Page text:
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1answer
85 views

Why would the citrulline content of the watermelon be so high?

Citrulline is a non-proteinogenic amino acid (that is, citrulline is an amino acid that is not coded for in mRNA), and it is an important metabolic intermediate in the Urea Cycle. The Urea Cycle is ...
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1answer
54 views

What are allogametes? please explain [closed]

Allo means different or unrelated I guess.Please clear me the meaning with some examples.
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1answer
31 views

What are the hairs/spikes on the edges of these leaves for?

Windows 7 has a wallpaper/background which shows an attractive, leafy plant with fine hairs or spikes on the edges. What might these be for, and what sort of plant is it? My initial (uneducated) ...
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0answers
51 views

What is the advantage of using plant-derived antibacterials rather than bacteria-derived antibacterials?

So obviously we have a big problem with antibiotic resistance. Most of our antibiotics originate from bacteria themselves (or are synthetic variations on scaffolds which originate from bacteria). I ...
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0answers
16 views

Machine-readable APG III trees?

Does anyone know where I can find a machine-readable version of the phylogenetic trees from APG III? I'm looking for something that contains the full tree structure, including unnamed branches. ...
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2answers
87 views

How do plants get their O₂ for respiration during the night?

If I am not mistaken the stomata are closed during the night. As a result I have a hard time to imagine how the plant can get the O2 it needs for respiration during the night. I thought the plant ...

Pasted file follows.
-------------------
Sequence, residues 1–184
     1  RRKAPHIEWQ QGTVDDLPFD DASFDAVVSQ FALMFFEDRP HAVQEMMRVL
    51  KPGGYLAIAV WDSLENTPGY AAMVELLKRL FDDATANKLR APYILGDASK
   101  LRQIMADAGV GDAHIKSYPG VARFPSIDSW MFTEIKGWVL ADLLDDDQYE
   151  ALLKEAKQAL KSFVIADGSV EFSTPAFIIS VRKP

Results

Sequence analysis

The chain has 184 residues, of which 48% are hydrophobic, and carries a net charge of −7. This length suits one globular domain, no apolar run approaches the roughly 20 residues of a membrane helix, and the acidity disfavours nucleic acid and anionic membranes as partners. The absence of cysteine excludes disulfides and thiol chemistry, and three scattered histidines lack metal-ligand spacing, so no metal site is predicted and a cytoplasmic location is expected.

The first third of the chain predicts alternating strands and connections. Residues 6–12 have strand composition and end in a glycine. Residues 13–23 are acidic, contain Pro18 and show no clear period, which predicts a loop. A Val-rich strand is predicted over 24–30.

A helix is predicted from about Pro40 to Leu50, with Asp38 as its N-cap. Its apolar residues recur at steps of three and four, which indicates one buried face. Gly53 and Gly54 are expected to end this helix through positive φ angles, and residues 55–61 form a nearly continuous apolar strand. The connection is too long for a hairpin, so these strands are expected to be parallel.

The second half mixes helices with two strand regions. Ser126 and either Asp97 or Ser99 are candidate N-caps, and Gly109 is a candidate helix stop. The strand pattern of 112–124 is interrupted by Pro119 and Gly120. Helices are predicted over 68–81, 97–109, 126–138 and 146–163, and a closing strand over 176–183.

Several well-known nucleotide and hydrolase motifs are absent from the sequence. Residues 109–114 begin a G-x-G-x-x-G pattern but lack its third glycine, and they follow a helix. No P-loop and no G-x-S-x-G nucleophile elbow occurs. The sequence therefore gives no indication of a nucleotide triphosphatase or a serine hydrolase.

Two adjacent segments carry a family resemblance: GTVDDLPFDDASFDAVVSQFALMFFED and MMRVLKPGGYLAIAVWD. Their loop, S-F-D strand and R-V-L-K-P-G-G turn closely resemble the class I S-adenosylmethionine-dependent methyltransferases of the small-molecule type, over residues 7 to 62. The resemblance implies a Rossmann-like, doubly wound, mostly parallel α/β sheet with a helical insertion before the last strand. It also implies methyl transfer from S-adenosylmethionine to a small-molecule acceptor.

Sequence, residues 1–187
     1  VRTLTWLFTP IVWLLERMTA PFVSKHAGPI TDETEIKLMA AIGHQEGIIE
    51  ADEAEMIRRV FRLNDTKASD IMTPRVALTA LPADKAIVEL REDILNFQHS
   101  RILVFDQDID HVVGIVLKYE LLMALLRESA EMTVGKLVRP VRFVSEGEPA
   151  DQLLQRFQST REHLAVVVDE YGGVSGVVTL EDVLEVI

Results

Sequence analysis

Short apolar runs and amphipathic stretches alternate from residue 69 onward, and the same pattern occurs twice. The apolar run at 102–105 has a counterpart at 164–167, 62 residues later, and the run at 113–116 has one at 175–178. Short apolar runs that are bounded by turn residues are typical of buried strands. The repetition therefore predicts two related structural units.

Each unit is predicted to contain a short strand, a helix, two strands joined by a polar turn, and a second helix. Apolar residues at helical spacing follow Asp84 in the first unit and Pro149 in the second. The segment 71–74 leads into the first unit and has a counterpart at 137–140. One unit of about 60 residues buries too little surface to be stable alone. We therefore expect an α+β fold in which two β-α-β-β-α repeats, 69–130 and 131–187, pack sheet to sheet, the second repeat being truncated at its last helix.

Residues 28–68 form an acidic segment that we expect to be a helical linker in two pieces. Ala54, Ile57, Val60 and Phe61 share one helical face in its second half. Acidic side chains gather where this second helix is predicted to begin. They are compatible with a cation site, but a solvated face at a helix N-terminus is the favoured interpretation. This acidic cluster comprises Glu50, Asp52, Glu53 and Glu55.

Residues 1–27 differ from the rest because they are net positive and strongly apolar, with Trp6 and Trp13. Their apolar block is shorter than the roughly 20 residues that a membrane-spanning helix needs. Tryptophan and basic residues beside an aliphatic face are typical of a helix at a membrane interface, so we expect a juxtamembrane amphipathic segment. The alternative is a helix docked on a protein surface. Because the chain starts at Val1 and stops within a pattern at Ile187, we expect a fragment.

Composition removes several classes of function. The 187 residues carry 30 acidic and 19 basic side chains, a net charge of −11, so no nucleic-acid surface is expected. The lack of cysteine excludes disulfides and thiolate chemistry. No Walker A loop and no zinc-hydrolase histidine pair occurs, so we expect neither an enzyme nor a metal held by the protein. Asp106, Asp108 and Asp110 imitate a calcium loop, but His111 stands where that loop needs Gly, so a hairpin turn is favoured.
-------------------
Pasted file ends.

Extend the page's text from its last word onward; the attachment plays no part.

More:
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0answers
19 views

How does the shape of the structure explain the function of that structure in both plant animal cells? [closed]

Could some please tell me how the structure explain the function of something in plant and animal cells, it is in middle school level.
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0answers
36 views

“Signal Advance”: Unsure of meaning or contextual use

I am reading through Recombinant DNA; Genes and Genomes - A Short Course - Third Edition by James D. Watson, et. al. and I came across this paragraph in the discussion about discrete factors of ...
3
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1answer
188 views

What are these white spots on a dracena

I have a Dracaena Marginata which started to have some white spots. They turn out to be some kind of "mold" which can be removed when swapping the leaf and then leaves some discolored spots ...
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1answer
23 views

What is the lifecycle of hanging woody vines?

In the first ten seconds of this video, you can see a vine that appears to have started its life 60 feet up in a tree and has now grown down almost close enough to touch the ground. I have seen ...
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0answers
17 views

Yew seed dormancy reduction

Yew seeds have very long dormancy when artificially planted. They are also adapted to passage through digestive systems of animals that eat/transport them. But could the dormancy be shorter (or the ...
3
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2answers
40 views

What is this species of tree?

In my city, there is a unique tree, with thorns all over it. I would like to know - what species is this?
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1answer
22 views

Santa Fe xeric indigenous tree

The hills around Santa Fe are covered in a particular xeric tree which is quite small and looks like some kind of juniper which I have been unable to identify: What is this species?